But then, suppose a customer takes a standard design and just has to improve on it a little bit, in that best tradition, and they booger the design and screw the safety margins. Is that caveat emptor or the kit vendorís responsibility? Weíd probably all agree on the former, but the kit builder will still take a publicity hit.

Or suppose the airplane is an entry level plane, not advertised as aerobatic, just a here to there machine. What implicit promise is there, not in a legal sense, but an expectation in the mind of the owner/builder/buyer/pilot, that the airplane will be as safe as a Cherokee or a 172? The mission is the same. The engine is the same. The wife and family are the same. The expectation is the same. The demonstrated safety is not.

Or suppose the airplane is not really aerobatic, and not suited to aerobatics, but, due to marketing pressure, they toss in a video clip of the plane doing a roll. Sure, there may be a disclaimer somewhere, but does that set customer expectations properly?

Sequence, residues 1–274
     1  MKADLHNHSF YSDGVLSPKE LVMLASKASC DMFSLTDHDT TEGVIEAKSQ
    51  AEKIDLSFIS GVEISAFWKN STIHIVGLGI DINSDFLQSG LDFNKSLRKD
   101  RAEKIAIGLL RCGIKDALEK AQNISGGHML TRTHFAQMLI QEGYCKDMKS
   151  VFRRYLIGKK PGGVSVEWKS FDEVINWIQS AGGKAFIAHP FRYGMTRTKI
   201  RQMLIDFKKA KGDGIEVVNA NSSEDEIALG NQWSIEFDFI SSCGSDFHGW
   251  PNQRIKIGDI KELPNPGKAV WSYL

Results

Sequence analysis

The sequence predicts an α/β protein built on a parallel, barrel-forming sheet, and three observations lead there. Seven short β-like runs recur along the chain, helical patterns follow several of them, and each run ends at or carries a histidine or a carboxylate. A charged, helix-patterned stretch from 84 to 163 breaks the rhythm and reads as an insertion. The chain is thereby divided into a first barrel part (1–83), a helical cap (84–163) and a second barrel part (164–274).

Or consider, how many of the cross country cruisers are really good for IFR? Then again, how many spam cans are really good for IFR? Fuel imbalance, out of rig airplanes, crappy instruments, bad response to turbulence, lots of spam cans arenít so great, either. Supposedly, a NASA report on general aviation handling qualities some years ago had some uncomplimentary things to say about general aviation handling qualities for single pilot IFR in turbulence.

Maybe we need a report card for homebuilt handling characteristics, to let the prospect know what theyíre getting into. This is not a catalog of aircraft, it is a standardized documentation of how aircraft have been tested. The report card has two parts: to tell how the airplane (at least the test specimen) really handles; and to document and standardize whatever formal testing may have been done.

The gotcha is that the report card has to be repeatable from evaluator to evaluator and from customer to customer and from airplane to airplane, so that anybody can do the tests and everybody will get the same results. Any third party should be able to duplicate factory results. This means quantitative, not qualitative. It also means that the report has to be written in homebuilder-ese, not test pilot-ese.